Use this URL to cite or link to this record in EThOS: http://ethos.bl.uk/OrderDetails.do?uin=uk.bl.ethos.560237
Title: Exploring the links between leadership and improvement in the UK National Health Service
Author: Hardacre, Jeanne E.
Awarding Body: University of Warwick
Current Institution: University of Warwick
Date of Award: 2011
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Abstract:
Whilst the need for leadership in healthcare is well-recognised, there is still a lack of understanding about how leadership contributes to improving healthcare services. The body of knowledge concerning improvement has grown significantly in recent years, but evidence about links between leadership and health services improvement remains poor, especially within the UK National Health Service. It remains unclear how and why leadership is important to service improvement. This thesis describes aspects of a broader study commissioned by The Health Foundation. Firstly, the work aimed to explore the extent to which different types of service improvement require different types of leadership behaviour. Secondly, it aimed to investigate the nature of any links between leadership behaviour and improving services. The work draws on theoretical models and concepts of leadership and improvement in the literature, as well as empirical research in these areas. A typology of healthcare improvement was developed in order to classify different types of improvement work. Data about leadership behaviours were derived from semistructured interviews and using Q-Sort methodology. The study provides insights into which aspects of leadership are used for different types of improvement work. It makes an original and NHS-specific contribution to the literature, providing empirical evidence of how NHS leadership is associated with service improvement. Results highlight the importance of the relational aspects of leadership behaviour in improving NHS services, reinforcing trends in the literature which promote shared and distributed leadership approaches. A model of improvement leadership is proposed, based on the concept of ‘interdependence’. This model could provide the basis for an alternative emphasis in developing leadership in healthcare organisations, away from teaching skills to individuals, towards a collective, team-based approach to leading services with a shared purpose.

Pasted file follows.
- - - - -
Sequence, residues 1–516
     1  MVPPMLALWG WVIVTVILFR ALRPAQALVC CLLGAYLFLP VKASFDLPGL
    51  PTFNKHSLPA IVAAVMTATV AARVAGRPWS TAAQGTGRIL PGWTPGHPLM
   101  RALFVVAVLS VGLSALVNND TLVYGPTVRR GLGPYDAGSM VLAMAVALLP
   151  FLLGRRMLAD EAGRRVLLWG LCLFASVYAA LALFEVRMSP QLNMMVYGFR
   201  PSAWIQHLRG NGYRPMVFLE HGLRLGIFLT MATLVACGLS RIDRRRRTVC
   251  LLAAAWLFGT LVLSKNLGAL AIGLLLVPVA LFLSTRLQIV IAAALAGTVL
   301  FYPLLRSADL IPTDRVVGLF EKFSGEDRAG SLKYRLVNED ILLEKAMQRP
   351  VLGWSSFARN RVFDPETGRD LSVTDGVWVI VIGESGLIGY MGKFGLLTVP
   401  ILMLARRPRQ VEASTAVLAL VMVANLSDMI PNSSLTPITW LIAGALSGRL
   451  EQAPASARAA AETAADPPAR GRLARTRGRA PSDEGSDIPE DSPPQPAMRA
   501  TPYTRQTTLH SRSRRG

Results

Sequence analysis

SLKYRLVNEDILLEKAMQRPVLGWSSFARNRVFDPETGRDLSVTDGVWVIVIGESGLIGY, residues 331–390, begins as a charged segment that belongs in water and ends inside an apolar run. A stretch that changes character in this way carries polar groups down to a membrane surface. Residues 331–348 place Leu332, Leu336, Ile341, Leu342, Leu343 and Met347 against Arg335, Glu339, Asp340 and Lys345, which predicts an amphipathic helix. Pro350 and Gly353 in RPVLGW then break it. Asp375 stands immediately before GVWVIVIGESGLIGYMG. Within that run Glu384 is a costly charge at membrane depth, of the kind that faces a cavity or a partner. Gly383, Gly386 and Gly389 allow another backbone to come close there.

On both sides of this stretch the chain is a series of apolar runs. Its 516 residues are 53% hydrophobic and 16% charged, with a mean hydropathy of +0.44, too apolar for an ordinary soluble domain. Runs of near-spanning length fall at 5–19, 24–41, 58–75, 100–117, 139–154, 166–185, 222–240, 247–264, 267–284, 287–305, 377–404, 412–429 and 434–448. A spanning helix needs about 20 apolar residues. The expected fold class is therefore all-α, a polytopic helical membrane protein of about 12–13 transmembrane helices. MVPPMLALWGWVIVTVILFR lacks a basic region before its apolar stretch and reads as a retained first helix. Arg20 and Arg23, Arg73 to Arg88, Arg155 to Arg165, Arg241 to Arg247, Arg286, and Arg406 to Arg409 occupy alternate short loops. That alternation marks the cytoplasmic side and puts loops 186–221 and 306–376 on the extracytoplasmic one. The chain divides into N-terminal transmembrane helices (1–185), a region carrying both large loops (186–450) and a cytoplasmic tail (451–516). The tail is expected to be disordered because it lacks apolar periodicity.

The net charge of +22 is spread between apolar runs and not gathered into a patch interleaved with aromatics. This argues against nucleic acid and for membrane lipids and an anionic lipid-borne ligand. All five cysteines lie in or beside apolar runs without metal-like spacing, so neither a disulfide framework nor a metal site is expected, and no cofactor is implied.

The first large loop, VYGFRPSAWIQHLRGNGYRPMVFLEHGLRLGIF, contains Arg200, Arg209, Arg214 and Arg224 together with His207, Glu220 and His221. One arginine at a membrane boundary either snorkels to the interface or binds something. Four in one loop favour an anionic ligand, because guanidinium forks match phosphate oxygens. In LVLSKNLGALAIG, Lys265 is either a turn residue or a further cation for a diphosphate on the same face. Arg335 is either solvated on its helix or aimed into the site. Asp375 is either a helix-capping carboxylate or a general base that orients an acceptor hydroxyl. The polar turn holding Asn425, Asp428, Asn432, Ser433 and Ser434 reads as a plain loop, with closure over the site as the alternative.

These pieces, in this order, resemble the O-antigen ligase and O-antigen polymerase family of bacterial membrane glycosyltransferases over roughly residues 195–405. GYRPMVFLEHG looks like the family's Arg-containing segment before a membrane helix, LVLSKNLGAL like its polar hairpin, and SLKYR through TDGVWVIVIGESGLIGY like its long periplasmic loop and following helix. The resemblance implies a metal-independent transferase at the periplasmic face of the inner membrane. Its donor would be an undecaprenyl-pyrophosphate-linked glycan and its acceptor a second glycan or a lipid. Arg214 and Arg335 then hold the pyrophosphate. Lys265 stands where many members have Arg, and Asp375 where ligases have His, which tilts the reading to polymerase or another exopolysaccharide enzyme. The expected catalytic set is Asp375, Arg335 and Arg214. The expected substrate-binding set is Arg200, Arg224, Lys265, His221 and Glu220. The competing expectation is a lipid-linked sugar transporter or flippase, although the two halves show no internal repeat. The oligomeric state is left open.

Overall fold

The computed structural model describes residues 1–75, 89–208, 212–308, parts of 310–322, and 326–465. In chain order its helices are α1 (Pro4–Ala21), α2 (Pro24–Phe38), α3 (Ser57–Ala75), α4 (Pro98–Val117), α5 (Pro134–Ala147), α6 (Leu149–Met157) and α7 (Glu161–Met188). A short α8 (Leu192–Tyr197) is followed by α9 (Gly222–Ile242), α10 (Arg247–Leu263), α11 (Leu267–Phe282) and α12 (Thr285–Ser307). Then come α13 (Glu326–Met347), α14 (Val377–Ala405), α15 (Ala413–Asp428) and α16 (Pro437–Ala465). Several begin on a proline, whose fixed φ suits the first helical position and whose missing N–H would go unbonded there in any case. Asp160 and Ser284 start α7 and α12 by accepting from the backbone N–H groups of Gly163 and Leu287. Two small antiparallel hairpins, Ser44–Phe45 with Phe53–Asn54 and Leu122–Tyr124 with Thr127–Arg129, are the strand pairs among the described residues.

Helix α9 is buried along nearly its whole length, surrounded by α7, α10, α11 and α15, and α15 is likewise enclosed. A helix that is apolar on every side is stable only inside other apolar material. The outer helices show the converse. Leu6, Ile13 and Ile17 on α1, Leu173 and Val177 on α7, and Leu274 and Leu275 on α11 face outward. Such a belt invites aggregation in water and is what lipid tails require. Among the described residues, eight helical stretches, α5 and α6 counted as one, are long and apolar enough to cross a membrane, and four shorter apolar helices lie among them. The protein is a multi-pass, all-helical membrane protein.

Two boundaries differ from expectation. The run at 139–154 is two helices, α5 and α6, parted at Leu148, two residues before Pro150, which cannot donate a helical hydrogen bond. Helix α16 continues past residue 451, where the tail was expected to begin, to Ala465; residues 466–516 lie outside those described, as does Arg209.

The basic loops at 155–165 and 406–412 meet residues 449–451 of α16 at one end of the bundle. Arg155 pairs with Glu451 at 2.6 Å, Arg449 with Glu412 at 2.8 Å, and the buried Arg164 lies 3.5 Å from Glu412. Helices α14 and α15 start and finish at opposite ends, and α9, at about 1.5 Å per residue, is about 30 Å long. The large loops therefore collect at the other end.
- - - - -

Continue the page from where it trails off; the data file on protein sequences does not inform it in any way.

Supervisor: Not available Sponsor: ORCNi Ltd.
Qualification Name: Thesis (Ph.D.) Qualification Level: Doctoral
EThOS ID: uk.bl.ethos.560237  DOI: Not available
Keywords: HD28 Management. Industrial Management ; RA Public aspects of medicine
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